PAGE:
A Girl Walks Home Alone at Night
Some of the images sit there unmoving for too long, but that very same stasis also helps create and enforce the underlying tension, the tormented…
An image from the lost masterpiece by Michelangelo Antonioni, a surprise unveiling at the Toronto Film Festival. Oh, no: It's just the interior view from my hotel room on Bloor Street. Sorry. (photo by me)
Here's what happened: The 2007 Toronto International Film Festival started tonight. I got here last night. But let me back up a little. Seconds before getting into the car to head to SEA for my flight to YYZ (that's Toronto Pearson Intenational Airport), I realized I'd forgotten some dog bones that I left in a bag on my porch. Not for my trip, for my dogs. Who are staying with my mom, who was gracious enough to give me a ride to the airport because she loves me and because she said she'd be up at 5 a.m. on a Wednesday anyway. So I quickly ran back to fetch the pressed rawhide nuggets of chewable deliciousness. The moment I sprung off to fetch I felt the most searing pain in my left calf.
It felt like a Charley Horse -- but, fortunately, it was only excruciating when I tried to use it. Sitting or standing was fine. It only hurt when I walk. Long story short: Five hours of aviation-enforced immobility later (plenty of time to stiffen up real good), I hobbled, drenched with sweat, lugging my bags through a new (and seemingly endless) Torontonian concourse, filled with dread. (And did I mention pain?) There's lots of walking to be done at TIFF, even when you're staying close to the center of the action. Fortunately, I was able to get a massage at the hotel health club at the last minute. It didn't fix the problem, but I think it loosened it up a bit.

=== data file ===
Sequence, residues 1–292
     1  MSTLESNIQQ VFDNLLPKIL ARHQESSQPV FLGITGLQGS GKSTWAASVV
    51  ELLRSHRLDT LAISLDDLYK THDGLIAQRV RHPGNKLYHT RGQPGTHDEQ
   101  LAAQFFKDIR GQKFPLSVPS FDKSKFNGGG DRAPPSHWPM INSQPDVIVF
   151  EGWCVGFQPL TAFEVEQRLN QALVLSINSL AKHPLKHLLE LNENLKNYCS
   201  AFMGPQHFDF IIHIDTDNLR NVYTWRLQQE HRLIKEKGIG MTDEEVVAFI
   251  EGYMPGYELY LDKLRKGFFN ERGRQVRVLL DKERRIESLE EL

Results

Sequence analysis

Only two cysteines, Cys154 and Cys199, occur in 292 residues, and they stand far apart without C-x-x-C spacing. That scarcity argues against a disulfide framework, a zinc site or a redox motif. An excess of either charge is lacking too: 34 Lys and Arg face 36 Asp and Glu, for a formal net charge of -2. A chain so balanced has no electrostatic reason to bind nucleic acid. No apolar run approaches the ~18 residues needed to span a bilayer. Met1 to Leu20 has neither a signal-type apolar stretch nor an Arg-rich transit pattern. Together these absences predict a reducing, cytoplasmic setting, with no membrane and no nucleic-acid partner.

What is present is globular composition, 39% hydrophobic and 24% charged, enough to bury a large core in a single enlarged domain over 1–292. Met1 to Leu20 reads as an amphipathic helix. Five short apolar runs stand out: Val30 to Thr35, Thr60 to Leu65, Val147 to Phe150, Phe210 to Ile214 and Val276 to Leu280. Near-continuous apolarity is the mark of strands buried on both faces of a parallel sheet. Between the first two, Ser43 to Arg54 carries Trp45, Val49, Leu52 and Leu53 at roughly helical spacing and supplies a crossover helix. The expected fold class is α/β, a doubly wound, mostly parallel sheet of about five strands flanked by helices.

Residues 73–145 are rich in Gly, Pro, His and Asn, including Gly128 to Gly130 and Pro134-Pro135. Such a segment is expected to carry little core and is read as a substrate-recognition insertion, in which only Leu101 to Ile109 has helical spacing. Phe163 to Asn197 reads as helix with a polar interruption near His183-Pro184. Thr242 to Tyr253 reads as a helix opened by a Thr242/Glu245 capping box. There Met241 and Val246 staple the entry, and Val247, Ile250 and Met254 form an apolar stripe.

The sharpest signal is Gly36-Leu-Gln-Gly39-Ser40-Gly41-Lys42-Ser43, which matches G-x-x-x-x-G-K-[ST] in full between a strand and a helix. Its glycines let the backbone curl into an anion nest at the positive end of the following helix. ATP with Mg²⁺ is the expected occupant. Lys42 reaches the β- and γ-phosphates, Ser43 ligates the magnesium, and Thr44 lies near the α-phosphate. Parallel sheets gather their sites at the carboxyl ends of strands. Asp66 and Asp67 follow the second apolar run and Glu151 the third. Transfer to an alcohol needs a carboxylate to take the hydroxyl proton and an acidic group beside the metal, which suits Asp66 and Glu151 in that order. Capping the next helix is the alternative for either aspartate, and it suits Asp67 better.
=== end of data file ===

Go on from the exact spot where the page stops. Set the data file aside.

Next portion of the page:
This morning I awoke to a moment of pulse-pounding suspense. Put some weight on it and... "Mein fuhrer, I can valk!" As Sugarpuss O'Shea put it, "It's as red as the Daily Worker and twice as sore ("Ball of Fire") but I can deal with it. I cannot describe my relief.
I'm still out of it, though. I think my brain circuits have shorted from yesterday's pain and anxiety overload. Today, I went to get some eye drops for an irritated right eye. (Eye drops are film festival essentials, as anyone will tell you.) The nice pharmacist recommended some antibiotic drops, down aisle 3 on the left, in a yellow and red box. I got 'em. Put 'em in my eye. Hurt like hell -- like no other eye drops I have ever experienced. That's because they were ear drops.
It's a good thing I'm spending most of the time, very still, in the dark. Eyes wide open.
* * *
Tonight, I made a vow to myself, that I hope you will help me keep. Just for the hell of it: no superlatives in my Toronto coverage, which means giving up some of my favorite crutches ("splendid," "superb," "terrific," "wonderful," "amazing"). Which I try to avoid anyway, but too often fail. It's too easy, especially when you're cinematically overstimulated and writing on deadline. I've seen two
terrific movies so far and I could go superlative crazy any second, but I'm going to try not to. Please let me know (and I'm sure you will) if I screw up.
(NOTE: I'm using "superlative" in the looser, colloquial sense -- as in "hyperbole," not just the superlative ["-est"]form.)
* * *
Toronto may be the only film festival in the universe where the laminated passes that you have to wear on a strap around your neck have actually gotten smaller. This year, they're wallet-sized. But, you know, who wants to go through all the hassle of removing a card from your wallet, when you can simply flash your pass at one of the World's Friendliest Film Festival Volunteers? (And I mean that last part sincerely.)
brilliant innovation this year: bar codes. No longer do the lines for press screenings have to crawl as each and every person signs in with their name and affiliation. Now they just point one of those hand-held scanners at your card and everybody knows what screenings you've attended! I'm not kidding, I think this is genius, and I can't believe I never thought of it before. Next year: Eye-In-the-Sky cams and facial/vocal recognition software, like what Dr. Heywood R. Floyd uses in "2001" (that was six years ago, guys) -- only, of course, much, much faster. No physical passes necessary.
TIFF is cutting-edge. I know they can do it.
OK, next post: Will be about the movies. As usual, Roger Ebert is already way ahead of me. He's already written his THIRD report, which will be published shortly...
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